What if you were defrauded, but your school doesn’t have your money any more?

What happens if your school defrauded you, and then goes bankrupt before you can get your money back?  Or maybe it just doesn’t have enough money to compensate all of its victims.  Do you have any recourse, or will you be stuck paying your student loans anyway?

Well, there’s some hope in this situation.  To protect against exactly this kind of problem, the Federal Trade Commission established a rule which requires all student enrollment agreements, and all student loan promissory notes, to contain a “holder clause.”  The holder clause means that if you have a claim or defense against the school, you can also assert it against your student lender.  If the school isn’t around any more, but you’re still paying on your loan, you should consider whether this clause can help you.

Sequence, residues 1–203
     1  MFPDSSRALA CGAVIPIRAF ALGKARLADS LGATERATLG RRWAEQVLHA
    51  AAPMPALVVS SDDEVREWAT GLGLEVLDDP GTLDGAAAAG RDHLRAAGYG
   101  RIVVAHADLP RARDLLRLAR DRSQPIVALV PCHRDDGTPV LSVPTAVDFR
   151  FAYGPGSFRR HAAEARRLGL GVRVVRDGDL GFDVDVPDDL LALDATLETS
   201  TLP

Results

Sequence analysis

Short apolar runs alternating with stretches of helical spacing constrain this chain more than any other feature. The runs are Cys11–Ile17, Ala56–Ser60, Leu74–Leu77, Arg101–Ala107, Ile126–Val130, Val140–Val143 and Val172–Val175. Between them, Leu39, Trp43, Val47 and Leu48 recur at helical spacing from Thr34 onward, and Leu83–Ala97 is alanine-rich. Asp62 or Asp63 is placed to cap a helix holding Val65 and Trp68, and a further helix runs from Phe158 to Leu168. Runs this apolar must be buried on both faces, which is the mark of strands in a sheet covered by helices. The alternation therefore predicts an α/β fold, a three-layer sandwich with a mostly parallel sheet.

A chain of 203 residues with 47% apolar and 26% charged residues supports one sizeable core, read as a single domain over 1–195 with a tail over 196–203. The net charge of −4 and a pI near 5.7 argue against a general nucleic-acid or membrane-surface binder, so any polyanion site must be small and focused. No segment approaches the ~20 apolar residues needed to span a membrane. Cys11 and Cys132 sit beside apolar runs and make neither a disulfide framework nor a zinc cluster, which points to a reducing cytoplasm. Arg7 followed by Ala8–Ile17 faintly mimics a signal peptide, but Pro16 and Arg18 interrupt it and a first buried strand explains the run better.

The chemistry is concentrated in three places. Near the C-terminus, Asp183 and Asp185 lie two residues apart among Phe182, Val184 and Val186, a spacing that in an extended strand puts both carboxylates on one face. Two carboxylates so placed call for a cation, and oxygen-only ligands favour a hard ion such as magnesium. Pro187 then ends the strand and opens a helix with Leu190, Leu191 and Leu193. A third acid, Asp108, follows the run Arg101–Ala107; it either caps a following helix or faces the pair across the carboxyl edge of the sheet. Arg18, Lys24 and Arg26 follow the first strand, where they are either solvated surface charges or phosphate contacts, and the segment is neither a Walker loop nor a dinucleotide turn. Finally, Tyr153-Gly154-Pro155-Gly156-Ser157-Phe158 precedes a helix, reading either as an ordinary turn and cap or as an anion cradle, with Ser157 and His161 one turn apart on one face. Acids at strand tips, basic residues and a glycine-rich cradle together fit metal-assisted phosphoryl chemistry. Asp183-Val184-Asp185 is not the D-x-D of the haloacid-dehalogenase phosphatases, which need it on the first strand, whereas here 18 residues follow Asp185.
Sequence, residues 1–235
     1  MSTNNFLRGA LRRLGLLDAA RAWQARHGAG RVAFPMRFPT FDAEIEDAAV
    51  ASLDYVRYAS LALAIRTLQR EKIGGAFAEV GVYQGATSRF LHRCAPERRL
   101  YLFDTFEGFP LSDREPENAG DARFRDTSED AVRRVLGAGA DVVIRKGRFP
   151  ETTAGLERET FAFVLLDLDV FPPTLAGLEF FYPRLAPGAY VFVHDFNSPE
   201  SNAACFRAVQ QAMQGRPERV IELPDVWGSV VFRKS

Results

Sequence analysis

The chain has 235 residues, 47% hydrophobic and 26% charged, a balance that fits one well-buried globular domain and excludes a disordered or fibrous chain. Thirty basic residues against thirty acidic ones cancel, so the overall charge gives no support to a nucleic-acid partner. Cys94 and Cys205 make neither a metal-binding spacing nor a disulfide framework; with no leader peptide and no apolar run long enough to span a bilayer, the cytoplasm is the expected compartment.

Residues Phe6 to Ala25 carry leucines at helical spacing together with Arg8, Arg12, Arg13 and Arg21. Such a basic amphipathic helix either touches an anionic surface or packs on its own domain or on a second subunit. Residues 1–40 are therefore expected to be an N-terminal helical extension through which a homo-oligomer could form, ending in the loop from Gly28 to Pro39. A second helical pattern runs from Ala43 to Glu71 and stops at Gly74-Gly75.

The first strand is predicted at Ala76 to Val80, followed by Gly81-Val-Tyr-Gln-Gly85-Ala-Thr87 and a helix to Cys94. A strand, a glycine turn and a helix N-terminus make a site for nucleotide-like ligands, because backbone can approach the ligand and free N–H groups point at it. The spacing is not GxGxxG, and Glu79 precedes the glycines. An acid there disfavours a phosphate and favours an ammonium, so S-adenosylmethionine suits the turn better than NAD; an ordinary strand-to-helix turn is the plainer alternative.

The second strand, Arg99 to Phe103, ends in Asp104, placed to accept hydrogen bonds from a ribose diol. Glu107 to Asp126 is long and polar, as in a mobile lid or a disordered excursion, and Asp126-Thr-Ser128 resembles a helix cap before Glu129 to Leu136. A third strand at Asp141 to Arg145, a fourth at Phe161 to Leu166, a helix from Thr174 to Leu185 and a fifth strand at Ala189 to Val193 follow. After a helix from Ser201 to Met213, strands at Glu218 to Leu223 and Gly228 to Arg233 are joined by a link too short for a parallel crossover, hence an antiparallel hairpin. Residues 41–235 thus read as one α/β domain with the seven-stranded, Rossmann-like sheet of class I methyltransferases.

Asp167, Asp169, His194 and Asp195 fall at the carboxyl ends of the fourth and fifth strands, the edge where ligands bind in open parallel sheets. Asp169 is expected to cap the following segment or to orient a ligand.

The basic reason for the holder rule is that the lender usually has more information about the school, and can better assess the risk of school misconduct, than the student can.  So, if a loss arises, it should fall on the lender which could have protected itself, instead of the student who couldn’t.  Makes sense, doesn’t it?  Especially since the lender is profiting from you right along with the school!

This is another arrow in your quiver if you were ripped off by your school.

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